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Behold her, single in the field,
Yon solitary Highland Lass!
Reaping and singing by herself;
Stop here, or gently pass!
Alone she cuts, and binds the grain,
And sings a melancholy strain;
O listen! for the Vale profound
Is overflowing with the sound.
No Nightingale did ever chaunt
So sweetly to reposing bands 10
Of Travellers in some shady haunt,
Among Arabian Sands:
No sweeter voice was ever heard
In spring-time from the Cuckoo-bird,
Breaking the silence of the seas
Among the farthest Hebrides.
Will no one tell me what she sings?
Perhaps the plaintive numbers flow
For old, unhappy, far-off things,
And battles long ago: 20
Or is it some more humble lay,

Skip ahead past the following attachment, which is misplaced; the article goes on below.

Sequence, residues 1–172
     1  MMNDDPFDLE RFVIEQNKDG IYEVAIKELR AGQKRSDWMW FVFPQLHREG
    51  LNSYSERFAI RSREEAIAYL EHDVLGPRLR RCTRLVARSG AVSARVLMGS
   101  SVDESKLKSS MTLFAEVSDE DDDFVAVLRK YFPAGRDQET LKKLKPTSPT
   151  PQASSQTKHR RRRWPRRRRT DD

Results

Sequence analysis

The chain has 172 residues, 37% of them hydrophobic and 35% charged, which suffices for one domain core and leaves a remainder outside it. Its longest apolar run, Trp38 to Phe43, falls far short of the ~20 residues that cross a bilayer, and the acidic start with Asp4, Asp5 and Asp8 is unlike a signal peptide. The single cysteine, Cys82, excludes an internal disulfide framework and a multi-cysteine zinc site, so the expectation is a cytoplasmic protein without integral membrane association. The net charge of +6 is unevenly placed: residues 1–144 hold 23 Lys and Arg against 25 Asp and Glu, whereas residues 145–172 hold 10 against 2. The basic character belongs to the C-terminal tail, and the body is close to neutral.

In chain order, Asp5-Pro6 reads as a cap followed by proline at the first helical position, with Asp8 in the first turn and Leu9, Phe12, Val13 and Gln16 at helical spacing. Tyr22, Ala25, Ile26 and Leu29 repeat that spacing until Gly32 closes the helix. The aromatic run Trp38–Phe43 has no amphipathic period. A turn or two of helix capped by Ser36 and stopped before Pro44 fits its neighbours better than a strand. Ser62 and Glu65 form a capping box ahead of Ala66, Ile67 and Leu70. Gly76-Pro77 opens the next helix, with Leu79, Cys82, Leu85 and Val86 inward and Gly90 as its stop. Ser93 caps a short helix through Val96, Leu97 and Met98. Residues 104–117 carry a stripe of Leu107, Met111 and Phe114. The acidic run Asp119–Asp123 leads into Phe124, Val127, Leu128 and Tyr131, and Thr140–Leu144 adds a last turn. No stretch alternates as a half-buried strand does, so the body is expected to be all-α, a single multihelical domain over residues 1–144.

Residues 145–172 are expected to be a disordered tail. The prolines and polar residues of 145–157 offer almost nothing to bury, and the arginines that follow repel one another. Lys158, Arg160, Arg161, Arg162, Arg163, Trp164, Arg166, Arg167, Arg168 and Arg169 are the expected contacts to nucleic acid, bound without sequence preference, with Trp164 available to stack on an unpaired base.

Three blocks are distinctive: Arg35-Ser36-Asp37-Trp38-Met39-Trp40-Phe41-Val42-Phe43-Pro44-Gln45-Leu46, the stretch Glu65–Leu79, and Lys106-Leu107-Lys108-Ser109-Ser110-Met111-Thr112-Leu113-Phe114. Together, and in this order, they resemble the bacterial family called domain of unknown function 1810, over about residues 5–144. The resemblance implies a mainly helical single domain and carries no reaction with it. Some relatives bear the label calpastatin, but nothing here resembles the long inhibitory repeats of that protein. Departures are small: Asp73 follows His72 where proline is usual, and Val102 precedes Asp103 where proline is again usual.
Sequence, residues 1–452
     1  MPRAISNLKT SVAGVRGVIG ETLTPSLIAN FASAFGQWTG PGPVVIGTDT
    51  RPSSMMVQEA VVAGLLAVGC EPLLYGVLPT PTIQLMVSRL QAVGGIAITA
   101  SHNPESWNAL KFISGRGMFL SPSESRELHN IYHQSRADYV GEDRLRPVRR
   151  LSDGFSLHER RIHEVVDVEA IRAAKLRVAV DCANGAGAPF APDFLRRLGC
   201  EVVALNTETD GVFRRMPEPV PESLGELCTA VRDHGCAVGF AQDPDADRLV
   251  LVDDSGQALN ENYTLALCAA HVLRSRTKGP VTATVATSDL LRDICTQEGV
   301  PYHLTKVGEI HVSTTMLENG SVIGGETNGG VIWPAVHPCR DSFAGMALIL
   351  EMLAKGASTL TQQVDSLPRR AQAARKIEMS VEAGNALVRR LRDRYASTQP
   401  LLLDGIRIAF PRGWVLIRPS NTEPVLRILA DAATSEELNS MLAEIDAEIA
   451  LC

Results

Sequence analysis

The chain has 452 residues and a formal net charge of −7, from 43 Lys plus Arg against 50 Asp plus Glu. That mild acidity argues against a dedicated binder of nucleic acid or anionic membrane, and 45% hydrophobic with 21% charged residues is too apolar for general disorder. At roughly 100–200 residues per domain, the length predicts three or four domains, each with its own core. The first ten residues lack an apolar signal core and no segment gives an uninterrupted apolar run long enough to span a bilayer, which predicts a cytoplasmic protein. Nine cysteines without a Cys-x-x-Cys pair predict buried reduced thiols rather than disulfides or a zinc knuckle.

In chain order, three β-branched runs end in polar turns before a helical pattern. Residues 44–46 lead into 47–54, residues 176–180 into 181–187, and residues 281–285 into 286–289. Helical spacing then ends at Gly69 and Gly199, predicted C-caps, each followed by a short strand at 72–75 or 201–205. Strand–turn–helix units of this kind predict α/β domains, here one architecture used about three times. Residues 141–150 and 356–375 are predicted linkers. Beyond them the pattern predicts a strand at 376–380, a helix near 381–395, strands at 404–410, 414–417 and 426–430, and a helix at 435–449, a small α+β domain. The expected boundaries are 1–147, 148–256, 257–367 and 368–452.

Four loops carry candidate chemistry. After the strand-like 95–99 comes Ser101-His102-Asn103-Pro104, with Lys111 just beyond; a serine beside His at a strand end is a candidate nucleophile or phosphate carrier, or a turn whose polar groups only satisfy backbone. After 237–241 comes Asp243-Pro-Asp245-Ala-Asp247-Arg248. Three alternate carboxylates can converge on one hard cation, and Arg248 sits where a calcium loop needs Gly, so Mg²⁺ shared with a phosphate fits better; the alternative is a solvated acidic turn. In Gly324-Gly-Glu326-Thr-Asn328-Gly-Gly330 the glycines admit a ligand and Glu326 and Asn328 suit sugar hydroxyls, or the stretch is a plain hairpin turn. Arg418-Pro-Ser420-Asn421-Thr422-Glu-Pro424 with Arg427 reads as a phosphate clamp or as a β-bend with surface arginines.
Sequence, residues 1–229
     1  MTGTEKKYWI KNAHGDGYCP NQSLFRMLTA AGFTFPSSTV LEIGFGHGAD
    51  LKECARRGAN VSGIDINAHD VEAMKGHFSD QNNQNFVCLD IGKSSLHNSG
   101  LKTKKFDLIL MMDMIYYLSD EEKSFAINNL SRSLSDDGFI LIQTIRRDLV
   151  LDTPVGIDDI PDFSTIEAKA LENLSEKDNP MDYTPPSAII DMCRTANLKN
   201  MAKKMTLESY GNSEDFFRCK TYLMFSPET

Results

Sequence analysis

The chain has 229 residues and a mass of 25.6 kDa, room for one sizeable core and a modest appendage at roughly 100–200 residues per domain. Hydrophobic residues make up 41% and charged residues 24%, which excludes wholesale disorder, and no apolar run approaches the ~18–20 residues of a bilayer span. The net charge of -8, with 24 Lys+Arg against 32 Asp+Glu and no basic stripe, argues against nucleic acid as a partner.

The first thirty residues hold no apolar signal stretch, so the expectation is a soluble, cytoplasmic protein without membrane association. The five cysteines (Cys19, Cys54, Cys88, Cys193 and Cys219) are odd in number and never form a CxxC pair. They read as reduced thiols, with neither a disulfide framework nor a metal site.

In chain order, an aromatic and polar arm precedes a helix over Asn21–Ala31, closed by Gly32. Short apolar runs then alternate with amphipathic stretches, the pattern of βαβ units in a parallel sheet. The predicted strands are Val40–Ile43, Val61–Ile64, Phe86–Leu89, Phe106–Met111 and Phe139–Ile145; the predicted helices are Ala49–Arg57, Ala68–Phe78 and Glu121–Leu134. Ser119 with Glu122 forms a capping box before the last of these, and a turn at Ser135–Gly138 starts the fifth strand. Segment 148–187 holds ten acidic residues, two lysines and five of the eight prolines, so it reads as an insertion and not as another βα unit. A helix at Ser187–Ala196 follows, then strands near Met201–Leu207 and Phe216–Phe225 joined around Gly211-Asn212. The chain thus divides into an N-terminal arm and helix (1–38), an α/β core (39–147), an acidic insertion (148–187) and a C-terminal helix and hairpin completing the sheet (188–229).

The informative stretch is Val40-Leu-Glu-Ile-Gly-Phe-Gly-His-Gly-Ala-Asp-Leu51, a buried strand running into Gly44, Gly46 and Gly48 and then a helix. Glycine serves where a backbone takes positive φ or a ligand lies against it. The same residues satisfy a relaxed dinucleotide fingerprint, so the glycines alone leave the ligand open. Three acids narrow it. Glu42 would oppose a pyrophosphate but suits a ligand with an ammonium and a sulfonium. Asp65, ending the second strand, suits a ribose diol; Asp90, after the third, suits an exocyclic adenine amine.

Familiar matter of today?
Some natural sorrow, loss, or pain,
That has been, and may be again!
Whate'er the theme, the Maiden sung
As if her song could have no ending;
I saw her singing at her work,
And o'er the sickle bending;
I listen'd till I had my fill;
And, as I mounted up the hill, 30
The music in my heart I bore,
Long after it was heard no more.
|Art of Worldly Wisdom Daily|
In the 1600s, Balthasar Gracian, a jesuit priest wrote 300 aphorisms on living life called "The Art of Worldly Wisdom." Join our newsletter below and read them all, one at a time.
Shakespeare wrote over 150 sonnets! Join our Sonnet-A-Day Newsletter and read them all, one at a time.